Capacity-building – the development of human, technical and financial resources in First Nation communities. For example, some First Nations may require capacity building to respond to provincial requests for consultation concerning aboriginal rights or to carry out the authorities that they will assume under treaty.

Certainty provisions – treaty provisions designed to clearly define the authorities, rights and responsibilities of all three parties to the treaty.

Citizenship code – a document that outlines how membership is determined.

Claim area – area identified by a First Nation as the basis for negotiating treaty settlement land.

Comprehensive claim – a claim made by a First Nation based upon continuing aboriginal rights and title (traditional use and occupancy) which have not been dealt with by treaty or other legal means.

Constitution – is the document that governs how an organization or government operates.

Cooperative management – arrangements made between the Province and First Nations to involve First Nations in provincial land and resource management processes.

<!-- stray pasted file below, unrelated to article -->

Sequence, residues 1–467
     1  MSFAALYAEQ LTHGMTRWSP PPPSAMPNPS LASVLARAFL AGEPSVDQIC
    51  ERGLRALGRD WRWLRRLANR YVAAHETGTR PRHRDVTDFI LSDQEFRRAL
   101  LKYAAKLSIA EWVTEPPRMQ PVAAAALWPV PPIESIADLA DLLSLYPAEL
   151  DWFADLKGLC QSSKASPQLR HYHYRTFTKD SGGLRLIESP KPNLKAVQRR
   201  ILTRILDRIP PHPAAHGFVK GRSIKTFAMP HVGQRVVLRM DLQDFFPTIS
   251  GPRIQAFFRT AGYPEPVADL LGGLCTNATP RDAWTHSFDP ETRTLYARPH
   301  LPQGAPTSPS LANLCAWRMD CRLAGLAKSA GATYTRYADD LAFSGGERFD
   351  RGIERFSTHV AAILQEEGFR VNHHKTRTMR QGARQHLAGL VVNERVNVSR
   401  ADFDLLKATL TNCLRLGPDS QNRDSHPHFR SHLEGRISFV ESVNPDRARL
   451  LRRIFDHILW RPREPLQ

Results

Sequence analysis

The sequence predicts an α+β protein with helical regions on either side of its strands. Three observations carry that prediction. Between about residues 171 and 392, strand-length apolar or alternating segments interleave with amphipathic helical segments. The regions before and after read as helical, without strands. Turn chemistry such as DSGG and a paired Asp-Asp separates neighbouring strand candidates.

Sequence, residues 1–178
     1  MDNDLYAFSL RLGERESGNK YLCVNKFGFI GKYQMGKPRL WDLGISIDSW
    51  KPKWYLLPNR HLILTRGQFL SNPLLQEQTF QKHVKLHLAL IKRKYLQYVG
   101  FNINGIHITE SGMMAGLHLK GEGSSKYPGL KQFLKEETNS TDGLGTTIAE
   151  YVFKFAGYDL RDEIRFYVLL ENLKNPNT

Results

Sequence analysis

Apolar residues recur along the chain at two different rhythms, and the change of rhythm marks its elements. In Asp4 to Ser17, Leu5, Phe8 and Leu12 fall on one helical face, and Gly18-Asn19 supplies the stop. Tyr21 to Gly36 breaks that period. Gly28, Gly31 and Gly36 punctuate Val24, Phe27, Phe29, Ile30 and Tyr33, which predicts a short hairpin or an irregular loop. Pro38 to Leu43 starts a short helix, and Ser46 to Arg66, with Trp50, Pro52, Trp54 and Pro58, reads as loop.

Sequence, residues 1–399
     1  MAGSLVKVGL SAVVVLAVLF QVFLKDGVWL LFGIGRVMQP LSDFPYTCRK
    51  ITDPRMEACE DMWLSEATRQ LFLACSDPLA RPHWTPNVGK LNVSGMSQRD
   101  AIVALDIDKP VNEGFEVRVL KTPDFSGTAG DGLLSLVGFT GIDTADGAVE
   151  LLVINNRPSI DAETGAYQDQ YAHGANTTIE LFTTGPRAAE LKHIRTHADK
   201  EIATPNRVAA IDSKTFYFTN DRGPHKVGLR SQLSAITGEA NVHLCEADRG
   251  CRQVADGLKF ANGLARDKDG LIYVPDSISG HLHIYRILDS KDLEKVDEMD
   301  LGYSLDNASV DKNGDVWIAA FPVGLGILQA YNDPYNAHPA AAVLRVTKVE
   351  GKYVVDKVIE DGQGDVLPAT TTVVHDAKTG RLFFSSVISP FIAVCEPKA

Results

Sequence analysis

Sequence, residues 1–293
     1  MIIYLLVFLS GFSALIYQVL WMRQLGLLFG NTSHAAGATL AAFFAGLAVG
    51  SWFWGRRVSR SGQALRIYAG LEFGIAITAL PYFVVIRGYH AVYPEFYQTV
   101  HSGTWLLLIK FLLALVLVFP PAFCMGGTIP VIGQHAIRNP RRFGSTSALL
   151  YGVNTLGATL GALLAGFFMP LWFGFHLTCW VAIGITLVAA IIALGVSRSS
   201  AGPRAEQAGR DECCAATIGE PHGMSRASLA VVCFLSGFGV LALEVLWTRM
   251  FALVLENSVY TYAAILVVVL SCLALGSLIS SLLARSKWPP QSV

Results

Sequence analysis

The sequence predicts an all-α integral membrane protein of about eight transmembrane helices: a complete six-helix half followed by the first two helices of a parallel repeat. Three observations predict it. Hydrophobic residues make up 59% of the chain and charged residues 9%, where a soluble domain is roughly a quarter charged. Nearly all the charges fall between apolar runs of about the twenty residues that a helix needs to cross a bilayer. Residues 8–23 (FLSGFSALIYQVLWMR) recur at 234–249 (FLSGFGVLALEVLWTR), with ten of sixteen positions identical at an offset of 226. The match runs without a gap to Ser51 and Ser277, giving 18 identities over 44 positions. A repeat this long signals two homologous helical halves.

Crown activity – any activity for which Canada or the Province is responsible through legislation, regulation or policy. These activities may involve the issuance of tenure (permit, license, lease) or grants, or the approval to conduct a specific activity.

Crown grant – usual mechanism by which the Crown conveys land to persons or corporations who then hold the land in private ownership.

Crown land – land or an interest in land, owned by Canada or the Province. Almost all crown land in BC is owned by the Province.

Crown tenure – a legal interest in Crown lands or resources, issued by the Province in the form of a permit, license, lease or approval.

Eligibility – entitlement to treaty benefits.

Enrolment – process of documenting and registering eligible treaty beneficiaries.

Expropriation – process by which government takes private lands for public use such as roads or power lines.